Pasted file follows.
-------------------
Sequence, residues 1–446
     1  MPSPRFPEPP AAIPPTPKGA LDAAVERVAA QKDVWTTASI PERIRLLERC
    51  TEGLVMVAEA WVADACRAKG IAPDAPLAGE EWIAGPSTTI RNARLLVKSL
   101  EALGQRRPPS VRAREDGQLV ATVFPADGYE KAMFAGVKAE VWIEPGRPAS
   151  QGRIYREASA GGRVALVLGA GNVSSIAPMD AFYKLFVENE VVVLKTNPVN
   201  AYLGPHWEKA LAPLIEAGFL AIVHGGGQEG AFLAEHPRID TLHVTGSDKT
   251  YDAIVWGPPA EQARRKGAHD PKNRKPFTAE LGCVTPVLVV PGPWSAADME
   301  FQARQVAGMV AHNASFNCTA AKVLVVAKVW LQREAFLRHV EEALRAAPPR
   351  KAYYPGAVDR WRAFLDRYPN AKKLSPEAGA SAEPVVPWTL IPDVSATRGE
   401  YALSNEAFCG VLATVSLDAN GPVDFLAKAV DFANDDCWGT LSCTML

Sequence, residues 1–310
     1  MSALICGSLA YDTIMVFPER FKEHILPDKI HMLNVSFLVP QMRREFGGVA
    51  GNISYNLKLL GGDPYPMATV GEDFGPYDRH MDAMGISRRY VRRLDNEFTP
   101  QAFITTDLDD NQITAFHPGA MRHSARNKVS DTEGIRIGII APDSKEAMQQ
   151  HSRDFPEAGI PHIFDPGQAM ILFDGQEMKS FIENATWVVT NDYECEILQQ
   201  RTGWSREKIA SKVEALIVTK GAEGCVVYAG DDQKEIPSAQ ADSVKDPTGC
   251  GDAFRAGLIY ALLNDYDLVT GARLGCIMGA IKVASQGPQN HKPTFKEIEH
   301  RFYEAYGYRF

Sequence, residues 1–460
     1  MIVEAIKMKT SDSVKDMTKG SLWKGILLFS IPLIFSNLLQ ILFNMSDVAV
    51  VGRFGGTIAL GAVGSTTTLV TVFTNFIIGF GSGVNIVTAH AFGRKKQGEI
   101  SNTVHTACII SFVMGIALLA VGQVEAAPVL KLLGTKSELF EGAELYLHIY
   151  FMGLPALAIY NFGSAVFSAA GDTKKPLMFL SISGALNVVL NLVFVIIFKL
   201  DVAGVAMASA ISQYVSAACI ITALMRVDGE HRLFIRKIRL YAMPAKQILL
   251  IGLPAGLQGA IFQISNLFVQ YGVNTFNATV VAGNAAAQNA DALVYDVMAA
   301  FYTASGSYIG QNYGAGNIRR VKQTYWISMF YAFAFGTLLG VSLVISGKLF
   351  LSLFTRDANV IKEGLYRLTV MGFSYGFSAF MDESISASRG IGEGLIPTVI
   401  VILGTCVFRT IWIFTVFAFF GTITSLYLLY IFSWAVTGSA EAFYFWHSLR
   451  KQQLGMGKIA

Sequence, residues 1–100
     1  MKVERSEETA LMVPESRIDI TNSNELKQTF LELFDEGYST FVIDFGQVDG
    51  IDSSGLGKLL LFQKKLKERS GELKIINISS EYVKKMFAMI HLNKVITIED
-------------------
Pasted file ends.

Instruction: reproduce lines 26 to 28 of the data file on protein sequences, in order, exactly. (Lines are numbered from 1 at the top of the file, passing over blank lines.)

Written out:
   301  FYTASGSYIG QNYGAGNIRR VKQTYWISMF YAFAFGTLLG VSLVISGKLF
   351  LSLFTRDANV IKEGLYRLTV MGFSYGFSAF MDESISASRG IGEGLIPTVI
   401  VILGTCVFRT IWIFTVFAFF GTITSLYLLY IFSWAVTGSA EAFYFWHSLR